A preemie baby usually needs additional support, of the neck and jaw during feeding, compared to their full term, larger counterparts.
The mother will need to find a nursing position that allows for good support and visibility of her baby’s head and mouth. The cross cradle hold and football hold are commonly used to breastfeed premature babies.
The mother needs to support her baby’s head, neck and trunk, by propping the baby up with pillows, so that the baby is at her nipples level.
The mother can place her palm on her baby’s upper back and support her baby’s neck with
her fingers and her thumb behind her baby’s ears. Some infants do not like
to be touched on their heads, but in this position, the baby’s head is not
Breastfeeding a Preterm Baby ~ Tips
When latching preemies, expression of a few drops of milk just before a baby latches on, can entice the baby to the breast. The milk can be placed on the baby's lips or on the mother's nipple.
Sometimes a chin first latch can be helpful in
getting a baby to latch on, this will ensure that more of the areola is
taken into the mouth.
The mother can use a U-hold to support her breast.
A deep latch is very important, because not only will the
baby get more milk, if the baby is latched on deeply, but the mother will less
likely have sore nipples. So, in most cases, if the mother will follow a few
simple steps, she and her baby can achieve a deep, comfortable latch fairly
quickly and easily.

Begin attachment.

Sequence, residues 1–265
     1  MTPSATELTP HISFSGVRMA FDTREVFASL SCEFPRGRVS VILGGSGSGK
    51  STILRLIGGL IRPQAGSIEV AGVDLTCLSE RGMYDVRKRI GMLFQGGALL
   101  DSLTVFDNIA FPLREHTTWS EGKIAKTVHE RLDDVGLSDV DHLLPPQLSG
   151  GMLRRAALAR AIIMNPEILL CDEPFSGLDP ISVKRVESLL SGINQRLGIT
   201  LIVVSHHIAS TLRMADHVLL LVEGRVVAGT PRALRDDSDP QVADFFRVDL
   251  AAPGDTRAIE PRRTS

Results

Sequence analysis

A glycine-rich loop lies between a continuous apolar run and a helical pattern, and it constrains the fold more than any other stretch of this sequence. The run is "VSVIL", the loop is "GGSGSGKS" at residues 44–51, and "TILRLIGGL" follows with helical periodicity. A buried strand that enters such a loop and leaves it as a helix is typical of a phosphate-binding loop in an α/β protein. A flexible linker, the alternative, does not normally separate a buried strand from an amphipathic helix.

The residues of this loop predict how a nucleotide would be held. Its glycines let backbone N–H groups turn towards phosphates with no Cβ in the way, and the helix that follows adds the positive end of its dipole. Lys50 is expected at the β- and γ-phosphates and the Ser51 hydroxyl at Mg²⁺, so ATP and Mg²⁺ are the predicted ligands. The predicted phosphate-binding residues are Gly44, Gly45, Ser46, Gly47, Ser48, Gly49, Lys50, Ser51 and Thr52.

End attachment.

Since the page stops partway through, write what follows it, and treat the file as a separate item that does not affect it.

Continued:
Firstly, the mother will need to tilt the baby’s head back.
Babies are born with a recessed lower jaw. Just think about it, we need to tilt
our heads back when we take a bite out of a sandwich and the same applies when
a baby breastfeeds.
The mother should not be leaning forward, she needs to bring
her baby to the breast not bring the breast down to the baby. This will prevent
back ache. It is also best to have your baby at the level of your breast. The
mother should preferably have a backrest behind their back and have her feet up
on a stool, so that her lap is lifted slightly. Some mothers use special breast
feeding pillows, others find it enough to use a normal bed pillow.
The mother needs to place her hand at the base of her baby’s
head, with her thumb behind her baby’s ear. The other hand needs to be rested
in the centre of her baby’s back, so that the baby’s head can fall back
slightly and be supported by her fingers. The heel of your hand should be between
the baby’s shoulder blades. This allows the baby a bit of freedom to extend
Once the baby’s head is slightly tilted back, the mother can
rest her nipple just above the baby’s lip. This allows the baby to open their
mouth widely. Only then, when the baby’s mouth is open wide, should the mother
bring the baby’s bottom jaw in for the latch. Remember lower jaw first, then
upper jaw. The baby has to have a large part of the areola as well as the whole
nipple in his/her mouth.
Try to be patient with yourself and your baby, this is a
learnt skill. You’ll have to be patient as you learn. If you have latched on
and the pain seems to be less than usual, or you feel no pain at all, then you know
that you have latched your little one on well.
A good, deep latch will create a pull and tug sensation, not
a painful sensation. The first few seconds of a latch might cause some
discomfort, but this should improve during the feed, if the latch is correct.
When latching preemies, the nipple should be round and extended after a feeding,
not compressed or flat or bent over.
During a feeding, your baby’s mouth should look wide open
and not pursed. The baby’s jaw should be well behind the areola. Your baby
should be sucking and swallowing.
Tracy Behr, CBC, CLD (CBI)
Reference: Course information through childbirth International on the physiology of breastfeeding / latching preterm babies.